Weight Loss Obstacles to Avoid

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6 Weight Loss Obstacles to Avoid

Experts offer a road map to success to help you steer clear of dieting pitfalls.

By Colette Bouchez
WebMD Weight Loss Clinic - Feature

Reviewed by Louise Chang, MD

You've mustered your resolve, and this time you're sure: You're going to stay on your diet no matter what!

But a few weeks or a few months later, you find yourself weakening. A nibble here, a nosh there, and before you know it, your healthy eating plan is history.

If this has happened to you, there's no need to beat yourself up. In fact, says psychologist and weight loss expert Warren Huberman, PhD, it's more common than not for dieters to derail.

"Every diet and every dieter is different, but yes, there are some specific pitfalls that befall almost every dieter at some point in their weight loss experience," says Huberman, a psychologist at the New York University Surgical Weight Loss Center in New York.

The good news: If you know where the pitfalls are, you can steer clear of them -- or at least be prepared so they don't throw you too far off course. Huberman and several other weight loss experts helped WebMD map out your route to dieting success -- and red-flag those pitfalls along the way.

Your Road Map to Dieting Success

1. Anticipate a Long Trip

Packing for a weekend excursion is a whole lot different than packing for a two-year journey. And the same philosophy holds true for dieting, experts say.

"You can't address a long-term problem like obesity with a short-term solution, and if you try you're almost guaranteed to fail," says Huberman.

Find an eating plan you can live with long-term, and Huberman says you've automatically eliminated one of a dieter's major pitfalls.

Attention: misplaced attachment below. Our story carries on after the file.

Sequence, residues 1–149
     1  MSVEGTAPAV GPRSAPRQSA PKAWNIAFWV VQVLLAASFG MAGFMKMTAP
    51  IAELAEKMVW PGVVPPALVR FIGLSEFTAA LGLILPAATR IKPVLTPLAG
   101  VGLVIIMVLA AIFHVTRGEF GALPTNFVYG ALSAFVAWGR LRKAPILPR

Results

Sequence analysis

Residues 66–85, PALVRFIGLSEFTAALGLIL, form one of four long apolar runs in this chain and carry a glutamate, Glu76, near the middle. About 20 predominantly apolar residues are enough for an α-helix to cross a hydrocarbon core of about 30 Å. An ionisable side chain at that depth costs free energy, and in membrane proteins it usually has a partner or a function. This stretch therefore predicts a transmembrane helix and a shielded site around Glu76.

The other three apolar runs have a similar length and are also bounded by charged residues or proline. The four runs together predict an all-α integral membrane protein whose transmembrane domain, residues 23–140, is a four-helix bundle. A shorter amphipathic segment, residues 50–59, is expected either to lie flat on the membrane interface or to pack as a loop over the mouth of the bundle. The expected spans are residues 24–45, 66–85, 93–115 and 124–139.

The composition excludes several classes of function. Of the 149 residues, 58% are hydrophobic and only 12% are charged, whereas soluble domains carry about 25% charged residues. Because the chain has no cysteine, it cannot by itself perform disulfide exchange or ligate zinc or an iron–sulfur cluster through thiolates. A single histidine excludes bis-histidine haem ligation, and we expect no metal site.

Adds Huberman: "If your weight loss plan makes room for some of the foods you like, if it allows for occasional 'cheating,' if it's a plan you can live with for the long haul, then you are a lot more likely to stay with it, and a lot less likely to get lost along the way."

2. Pack a Lunch

Remember when your family took summer road trips, and Mom packed a box lunch so you wouldn't have to buy food along the way? Well, experts say, the same idea works on your weight loss journey. Planning your meals ahead of time helps you avoid another dieting pitfall: spontaneous eating, says nutritionist Loren Pascal, RD.

"No matter how great your diet plan is, sticking with it will be a lot easier if you sit down at least once a week and consciously plan your meals for the next seven days, complete with shopping lists," says Pascal, nutrition coordinator at Hackensack University Medical Center in New Jersey.

And the more your weight loss eating plan differs from what you've been used to eating, the more important it becomes to plan your meals, Pascal says.

Washington, nutrition expert Jessica Adler, RD agrees, and suggests you cook healthy meals ahead of time as often as possible.

"Instead of depending on fast food to get you through your busy schedule, pre-cook healthy foods and have them around," says Adler, a dietician at LiveHealtheir.com. When healthy meals are at arm's reach, she says, you're more likely to reach for them instead of foods that will steer you off track.

3. Don't Forget to Refuel

Does your car run on empty? Of course not! And neither do you. But, experts say, a major dieting pitfall is thinking that you can.

"Decreasing your caloric intake is not a bad thing -- restricting your calories too low can cause trouble," says Adler.

When you don't get enough calories, she says, your body retaliates. Instead of losing fat, you're more likely to lose muscle -- plus, you don't have enough energy to get you through the day.

Further, says Stephen Schnur, MD, when you skip meals you often end up eating more -- not less -- by day's end.

"Small meals at regular intervals are better and can help you withstand temptation," says Schnur author of The Reality Diet: Lose the Pounds for Good With a Cardiologist's Simple, Healthy Eating Plan.

It's especially important for dieters never to skip breakfast, he says.

"Research consistently shows that people who eat breakfast actually eat fewer calories per day and lose weight more successfully than those who do not," says Schnur.